UAS Facility Maps Made Available to UAS Operators

May 2017

As part of the FAA’s policy governing the commercial operations of UAS in the National Airspace System, there are altitudes and areas in which operators may not fly. Limitations in terms of maximum altitude and restricted areas have existed as part of the FAA’s UAS policy from the period of time when Section 333[i] exemptions were required to operate commercially and continue to the present Part 107[ii] era of UAS operations.

When enacted in 2016, Part 107 lifted many of the bureaucratic hurdles that existed under the Section 333 regime, providing for a more streamlined process to become authorized to conduct commercial UAS operations. However, one vestige of the Section 333 era which is unlikely to ever go away, that of the allowable altitudes and airspaces for UAS operations, has continued to vex many UAS operators.

Under part 107, operations may be conducted by properly authorized operators in areas and at altitudes which are explicitly set forth therein. Any operations to be performed outside of those allowed airspaces require a waiver from the FAA which may be issued pursuant to formal requests made under 14 CFR §107.41. In order to assist operators in determining whether or not a waiver is required and to streamline waiver requests made by operators, the FAA has begun publishing UAS facility maps which are accessible in several formats through an interactive ArcGIS system.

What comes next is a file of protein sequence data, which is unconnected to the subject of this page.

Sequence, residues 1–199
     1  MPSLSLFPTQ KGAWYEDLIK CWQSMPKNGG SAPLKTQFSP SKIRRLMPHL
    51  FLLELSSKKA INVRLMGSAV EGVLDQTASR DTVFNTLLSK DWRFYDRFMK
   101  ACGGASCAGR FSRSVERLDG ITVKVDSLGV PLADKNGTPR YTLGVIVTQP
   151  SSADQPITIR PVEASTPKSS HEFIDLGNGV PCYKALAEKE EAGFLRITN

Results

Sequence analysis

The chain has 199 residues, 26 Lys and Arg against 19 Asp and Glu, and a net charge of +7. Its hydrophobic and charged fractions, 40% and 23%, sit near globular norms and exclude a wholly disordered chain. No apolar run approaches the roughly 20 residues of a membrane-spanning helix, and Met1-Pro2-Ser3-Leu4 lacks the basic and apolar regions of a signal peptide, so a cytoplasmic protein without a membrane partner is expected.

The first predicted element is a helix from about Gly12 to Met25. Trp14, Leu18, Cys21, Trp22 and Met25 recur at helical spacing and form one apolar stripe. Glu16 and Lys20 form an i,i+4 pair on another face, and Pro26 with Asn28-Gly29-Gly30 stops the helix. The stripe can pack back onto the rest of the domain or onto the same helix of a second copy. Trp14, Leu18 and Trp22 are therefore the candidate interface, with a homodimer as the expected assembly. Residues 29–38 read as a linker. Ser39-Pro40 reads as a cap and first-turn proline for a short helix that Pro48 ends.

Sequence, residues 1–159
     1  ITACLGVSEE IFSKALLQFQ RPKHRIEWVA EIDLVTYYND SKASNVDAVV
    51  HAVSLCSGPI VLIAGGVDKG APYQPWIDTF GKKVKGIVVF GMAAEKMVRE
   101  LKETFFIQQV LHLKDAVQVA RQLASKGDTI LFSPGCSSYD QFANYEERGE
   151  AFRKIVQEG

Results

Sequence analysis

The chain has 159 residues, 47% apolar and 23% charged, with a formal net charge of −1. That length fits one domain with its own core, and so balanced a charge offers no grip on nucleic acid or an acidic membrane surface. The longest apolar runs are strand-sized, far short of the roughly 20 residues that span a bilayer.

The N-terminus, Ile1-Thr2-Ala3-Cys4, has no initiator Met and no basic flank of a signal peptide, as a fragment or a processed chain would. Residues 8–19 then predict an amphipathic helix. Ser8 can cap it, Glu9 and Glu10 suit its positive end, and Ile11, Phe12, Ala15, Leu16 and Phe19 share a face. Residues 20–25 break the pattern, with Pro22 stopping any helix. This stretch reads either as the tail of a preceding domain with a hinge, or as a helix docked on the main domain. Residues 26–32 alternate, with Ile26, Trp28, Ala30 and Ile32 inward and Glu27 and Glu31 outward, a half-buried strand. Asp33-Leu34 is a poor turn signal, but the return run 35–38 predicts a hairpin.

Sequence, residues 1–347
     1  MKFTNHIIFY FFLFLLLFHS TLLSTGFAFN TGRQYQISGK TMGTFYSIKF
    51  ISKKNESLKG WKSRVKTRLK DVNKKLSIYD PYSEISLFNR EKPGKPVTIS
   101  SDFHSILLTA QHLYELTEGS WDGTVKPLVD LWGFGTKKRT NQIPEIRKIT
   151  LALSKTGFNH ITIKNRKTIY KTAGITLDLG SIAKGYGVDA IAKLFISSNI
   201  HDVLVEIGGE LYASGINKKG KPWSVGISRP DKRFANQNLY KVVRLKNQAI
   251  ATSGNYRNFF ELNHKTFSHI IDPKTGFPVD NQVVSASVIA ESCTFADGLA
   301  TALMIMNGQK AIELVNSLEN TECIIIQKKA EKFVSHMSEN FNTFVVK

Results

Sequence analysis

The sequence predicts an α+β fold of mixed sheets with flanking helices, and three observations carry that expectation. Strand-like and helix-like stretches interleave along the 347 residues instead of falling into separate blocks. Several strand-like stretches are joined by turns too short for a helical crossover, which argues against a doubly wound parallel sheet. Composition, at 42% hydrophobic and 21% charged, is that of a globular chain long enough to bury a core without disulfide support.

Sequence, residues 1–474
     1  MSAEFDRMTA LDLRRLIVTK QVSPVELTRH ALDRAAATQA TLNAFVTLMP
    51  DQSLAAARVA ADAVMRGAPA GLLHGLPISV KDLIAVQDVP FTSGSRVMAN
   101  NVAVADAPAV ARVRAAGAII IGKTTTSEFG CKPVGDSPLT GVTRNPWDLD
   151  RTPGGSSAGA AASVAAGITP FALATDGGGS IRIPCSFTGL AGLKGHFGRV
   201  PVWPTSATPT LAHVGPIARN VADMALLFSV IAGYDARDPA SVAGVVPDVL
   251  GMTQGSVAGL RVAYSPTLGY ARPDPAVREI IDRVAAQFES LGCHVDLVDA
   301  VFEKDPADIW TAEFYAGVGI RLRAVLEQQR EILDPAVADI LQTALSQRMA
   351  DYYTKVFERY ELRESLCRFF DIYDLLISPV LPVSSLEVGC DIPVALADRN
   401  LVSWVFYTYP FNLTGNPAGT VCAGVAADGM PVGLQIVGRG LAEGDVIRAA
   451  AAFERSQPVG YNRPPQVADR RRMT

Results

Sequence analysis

The first set of maps covering Class E airport maps was released on April 27th, and the FAA will continue to release additional maps covering Class B, C and D controlled airspace in phases once every fifty-six days for the remainder of 2017.

Any operator seeking to operate UAS commercially and not currently in possession of a previously approved Section 333 waiver should consult the UAS facility maps to determine whether the flight will require a Part 107 waiver due to location and airspace of the proposed operations.

This post was written by Transportation & Logistics attorney Garrett Caffee. If you have any questions about the above article or the FAA’s UAS policies, Garrett can be reached at or 952-995-9500. 

[i] Section 333 of the FAA Modernization and Reform Act of 2012, Pub. L. No. 112-95, 126 Stat. 11 (amending 49 U.S.C.).

[ii] 14 CFR §107.